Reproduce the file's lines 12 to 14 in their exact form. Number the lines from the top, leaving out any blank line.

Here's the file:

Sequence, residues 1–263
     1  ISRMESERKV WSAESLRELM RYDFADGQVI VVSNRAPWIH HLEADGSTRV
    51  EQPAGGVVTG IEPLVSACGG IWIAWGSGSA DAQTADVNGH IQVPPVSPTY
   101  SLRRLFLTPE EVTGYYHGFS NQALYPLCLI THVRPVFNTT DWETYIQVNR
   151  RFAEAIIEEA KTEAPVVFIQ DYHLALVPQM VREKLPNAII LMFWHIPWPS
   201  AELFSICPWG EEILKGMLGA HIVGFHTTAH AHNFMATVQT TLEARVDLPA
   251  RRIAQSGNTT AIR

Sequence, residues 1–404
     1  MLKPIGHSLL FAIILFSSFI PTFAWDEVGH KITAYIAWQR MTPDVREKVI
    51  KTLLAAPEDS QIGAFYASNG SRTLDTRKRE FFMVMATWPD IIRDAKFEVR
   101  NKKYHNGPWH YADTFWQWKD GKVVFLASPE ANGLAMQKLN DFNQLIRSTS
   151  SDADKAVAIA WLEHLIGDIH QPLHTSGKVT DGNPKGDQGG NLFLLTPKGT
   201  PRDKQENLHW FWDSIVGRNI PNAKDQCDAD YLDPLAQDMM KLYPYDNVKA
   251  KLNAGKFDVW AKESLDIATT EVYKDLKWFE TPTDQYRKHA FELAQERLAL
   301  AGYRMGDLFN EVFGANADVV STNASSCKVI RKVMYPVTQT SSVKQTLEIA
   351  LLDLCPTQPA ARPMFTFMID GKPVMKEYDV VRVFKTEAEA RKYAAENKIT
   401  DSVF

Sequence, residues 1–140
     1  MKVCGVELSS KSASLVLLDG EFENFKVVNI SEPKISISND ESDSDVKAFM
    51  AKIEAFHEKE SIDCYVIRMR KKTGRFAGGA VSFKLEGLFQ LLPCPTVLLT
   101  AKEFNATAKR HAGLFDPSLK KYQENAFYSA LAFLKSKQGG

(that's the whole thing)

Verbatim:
   151  SDADKAVAIA WLEHLIGDIH QPLHTSGKVT DGNPKGDQGG NLFLLTPKGT
   201  PRDKQENLHW FWDSIVGRNI PNAKDQCDAD YLDPLAQDMM KLYPYDNVKA
   251  KLNAGKFDVW AKESLDIATT EVYKDLKWFE TPTDQYRKHA FELAQERLAL